فصل 29کتاب: جایی که عاشق بودیم / فصل 29
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By now, the wandering is really an excuse to drive somewhere and make out. I tell myself I’m not ready because to me sex is a Big Deal, even if some of my friends have been doing it since ninth grade. But the thing is, my body feels this strange, urgent tug toward Finch like it can’t get enough. I add a category to my Germ board—Sex Life—and write a few pages in our wandering notebook, which is slowly turning into my journal/sounding board/place to brainstorm material for the new webzine.
Before Amanda and I stopped being peripheral semi-friends, I remember sleeping over at her house and talking to her older brothers. They told us that girls who Do are sluts and girls who Don’t are teases. Those of us who were there that night took this to heart, because none of the rest of us had older brothers. When we were by ourselves again, Amanda said, “The only way around it is to stay with one guy forever.” But does forever have a built-in ending …?
Finch picks me up Saturday morning, and he looks a little battered. We don’t even drive that far, just to the Arboretum, where we park the car, and before he reaches for me, I say, “What happened with Roamer?”
“How’d you hear about Roamer?”
“Ryan told me. And it’s kind of obvious you were in a fight.”
“Does it make me look hotter?”
“Be serious. What happened?”
“Nothing you need to worry about. He was being an asshole. Big surprise. Now, if we’re done talking about him, I’ve got other things on my mind.” He climbs into the back of Little Bastard and pulls me after him.
I feel like I’m living for these moments—the moments when I’m just about to lie down beside him, when I know it’s getting ready to happen, his skin on mine, his mouth on mine, and then when he’s touching me and the electric current is shooting through me everywhere. It’s like all the other hours of the day are spent looking forward to right now.
We kiss until my lips are numb, stopping ourselves at the very edge of Someday, saying not yet, not here, even though it takes willpower I didn’t know I had. My mind is spinning with him and with the unexpected Almost of today.
When he gets home, he writes me a message: I am thinking rather consistently of Someday.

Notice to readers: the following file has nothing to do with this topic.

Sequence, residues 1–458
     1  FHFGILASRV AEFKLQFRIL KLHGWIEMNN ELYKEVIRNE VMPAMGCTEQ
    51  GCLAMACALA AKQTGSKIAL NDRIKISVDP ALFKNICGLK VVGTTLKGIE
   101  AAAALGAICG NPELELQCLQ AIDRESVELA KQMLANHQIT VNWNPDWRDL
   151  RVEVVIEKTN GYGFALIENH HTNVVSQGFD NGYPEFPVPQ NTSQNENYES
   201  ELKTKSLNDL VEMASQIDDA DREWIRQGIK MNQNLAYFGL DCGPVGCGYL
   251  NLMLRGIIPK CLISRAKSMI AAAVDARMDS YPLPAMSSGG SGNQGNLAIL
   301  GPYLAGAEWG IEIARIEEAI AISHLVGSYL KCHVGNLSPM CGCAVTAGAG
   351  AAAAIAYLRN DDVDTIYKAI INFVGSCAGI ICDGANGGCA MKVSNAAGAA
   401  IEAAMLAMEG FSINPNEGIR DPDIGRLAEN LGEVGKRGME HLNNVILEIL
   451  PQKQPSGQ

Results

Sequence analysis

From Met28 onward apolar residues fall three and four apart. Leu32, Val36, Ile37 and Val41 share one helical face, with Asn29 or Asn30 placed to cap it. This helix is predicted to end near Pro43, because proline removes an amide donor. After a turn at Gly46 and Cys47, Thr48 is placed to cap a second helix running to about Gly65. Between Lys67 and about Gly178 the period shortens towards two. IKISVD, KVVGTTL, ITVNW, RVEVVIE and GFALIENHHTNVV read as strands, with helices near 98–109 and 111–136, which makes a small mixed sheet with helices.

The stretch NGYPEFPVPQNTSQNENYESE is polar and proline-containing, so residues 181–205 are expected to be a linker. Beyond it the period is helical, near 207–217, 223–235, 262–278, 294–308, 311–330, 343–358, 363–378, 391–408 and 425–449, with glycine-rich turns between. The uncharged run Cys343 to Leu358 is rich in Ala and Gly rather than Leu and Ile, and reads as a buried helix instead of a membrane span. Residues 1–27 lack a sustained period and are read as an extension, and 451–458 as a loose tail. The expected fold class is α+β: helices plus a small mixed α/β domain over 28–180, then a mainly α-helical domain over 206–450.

I write, Someday soon.
Finch: Someday when?
Nine a.m. Sunday. My house. When I wake up and go downstairs, my parents are in the kitchen slicing bagels. My mom looks at me over the coffee mug Eleanor and I gave her one year on Mother’s Day. Rock Star Mom. She says, “You got a package.”
“Someone left it on the doorstep.”
I follow her into the dining room, thinking that she walks like Eleanor—hair swinging, shoulders back. Eleanor looked more like my dad and I look more like Mom, but she and Mom had the same gestures, same mannerisms, so everyone always said, “Oh my God, she looks just like you.” It hits me that my mother may never hear that again.
There’s something in brown paper, the kind you wrap fish in, sitting on the dining-room table. It’s tied with a red ribbon. The package itself is lumpy. Ultraviolet, it reads on one side.
“Do you know who it’s from?” My dad is in the doorway, bagel crumbs in his beard.
“James,” my mom says, and makes little brushing motions. He rubs at his chin.
I don’t have any choice but to open the package in front of them, and I just hope to God it’s nothing embarrassing because, from Theodore Finch, you never know.
As I tug off the ribbon and rip at the paper, I’m suddenly six years old at Christmas. Every year, Eleanor knew what she was getting. After we picked the lock to my mom’s office closet, my sister would open her gifts and mine too, but not before I left the room. Later, when she wanted to tell me what they were, I wouldn’t let her. Those were the days when I didn’t mind surprises.
Inside the brown paper is a pair of goggles, the kind you wear swimming.
“Do you have any idea who they’re from?” Mom says.
“Goggles,” she says. “Sounds serious.” She gives me a hopeful little smile.
“Sorry, Mom. He’s just a friend.”
I don’t know why I say this, but I don’t want them asking me what he means or what this is, especially when I’m not really sure myself.
“Maybe in time. There’s always time,” she replies, which is something Eleanor used to say.
I look at my mom to see if she realizes she’s quoted her, but if she does realize it, she doesn’t show it. She is too busy examining the goggles, asking my dad if he remembers the days he used to send her things when he was trying to convince her to go out with him.
Upstairs, I write, Thanks for the goggles. What are they for? Please tell me you don’t want us to use them for Someday.
Finch writes back, Wait and see. We’ll use them soon. We’re watching for the first warm day. There’s always one that sneaks in during the middle of winter. Once we nail the bastard down, we go. Don’t forget the goggles.
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